A computerized tablet system for evaluating treatment of essential tremor by magnetic resonance guided focused ultrasound
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CitationTam Fred. Huang Yuexi. Schwartz Michael L. Schweizer Tom A. Hynynen Kullervo. Graham Simon J. (2017). A computerized tablet system for evaluating treatment of essential tremor by magnetic resonance guided focused ultrasound. BMC NEUROLOGY [ONLINE: HTTP://WWW.BIOMEDCENTRAL.COM/BMCNEUROL/], 17, 74. 10.1186/s12883-017-0856-8.
Transcranial magnetic resonance guided focused ultrasound is an emerging technology under evaluation for treatment of essential tremor, a prevalent movement disorder. A qualitative evaluation is performed by a clinician periodically during the procedure to maximize treatment effects and minimize adverse effects. The present work demonstrates a magnetic resonance-compatible method to enable more precise, quantitative measurement of tremor severity.
Tremor severity was measured in 12 patients pre-, post-, and intra-operatively, using a magnetic resonance-compatible tablet and a computerized adaptation of drawing tasks from the widely-used Fahn-Tolosa-Marin Tremor Rating Scale. Tremor metrics based on spectral analysis were calculated for each drawing and compared using Wilcoxon signed rank tests.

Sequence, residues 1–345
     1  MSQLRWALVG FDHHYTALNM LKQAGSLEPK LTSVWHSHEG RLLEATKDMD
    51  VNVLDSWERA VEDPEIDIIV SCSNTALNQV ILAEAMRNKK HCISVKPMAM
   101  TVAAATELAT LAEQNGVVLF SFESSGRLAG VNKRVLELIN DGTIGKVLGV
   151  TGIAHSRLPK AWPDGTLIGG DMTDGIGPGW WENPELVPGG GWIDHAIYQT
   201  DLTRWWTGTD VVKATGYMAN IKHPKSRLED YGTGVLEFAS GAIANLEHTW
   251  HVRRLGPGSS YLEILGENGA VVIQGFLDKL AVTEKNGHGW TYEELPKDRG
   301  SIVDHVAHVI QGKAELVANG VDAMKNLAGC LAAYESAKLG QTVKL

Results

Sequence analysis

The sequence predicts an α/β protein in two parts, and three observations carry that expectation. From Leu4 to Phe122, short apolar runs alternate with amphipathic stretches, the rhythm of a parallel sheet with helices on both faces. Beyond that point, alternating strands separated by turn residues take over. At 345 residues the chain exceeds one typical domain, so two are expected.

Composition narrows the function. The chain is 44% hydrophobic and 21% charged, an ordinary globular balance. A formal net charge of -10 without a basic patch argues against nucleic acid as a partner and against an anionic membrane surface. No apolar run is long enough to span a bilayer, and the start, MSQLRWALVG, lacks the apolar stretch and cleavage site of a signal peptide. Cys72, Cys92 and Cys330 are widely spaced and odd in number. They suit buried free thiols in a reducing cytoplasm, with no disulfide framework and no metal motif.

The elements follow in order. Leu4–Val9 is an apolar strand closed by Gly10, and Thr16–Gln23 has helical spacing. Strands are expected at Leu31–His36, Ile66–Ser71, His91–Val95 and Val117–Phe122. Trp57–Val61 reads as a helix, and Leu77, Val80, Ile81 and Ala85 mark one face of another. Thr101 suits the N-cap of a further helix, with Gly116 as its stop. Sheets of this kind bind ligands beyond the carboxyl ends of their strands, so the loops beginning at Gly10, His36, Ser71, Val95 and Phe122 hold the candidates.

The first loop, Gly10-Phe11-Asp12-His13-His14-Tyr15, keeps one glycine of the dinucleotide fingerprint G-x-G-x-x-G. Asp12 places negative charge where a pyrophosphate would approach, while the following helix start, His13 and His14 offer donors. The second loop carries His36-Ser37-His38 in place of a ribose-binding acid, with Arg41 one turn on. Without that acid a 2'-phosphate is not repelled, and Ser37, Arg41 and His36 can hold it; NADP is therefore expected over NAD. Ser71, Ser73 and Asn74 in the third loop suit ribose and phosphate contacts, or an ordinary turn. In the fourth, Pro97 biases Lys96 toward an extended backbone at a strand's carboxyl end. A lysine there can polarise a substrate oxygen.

Tremor metrics in the dominant (treated) hand were significantly and consistently lower post-operatively compared to pre-operatively, but there was no significant difference in the non-dominant (untreated) hand, as expected. Intra-operative metrics were intermediate between pre- and post-operative metrics.
Use of the tablet for quantitative tremor measurement was demonstrated pre-, post-, and intra-operatively during treatment of essential tremor, complementing standard qualitative assessment. With additional work, the system has potential to add objectivity to clinical trials and to aid treatment decision-making by providing a metric for optimization during the procedure, which may eventually lead to more optimal treatment. Enhancements and further studies are suggested, and extensions to fMRI studies of essential tremor and Parkinson’s disease are also likely.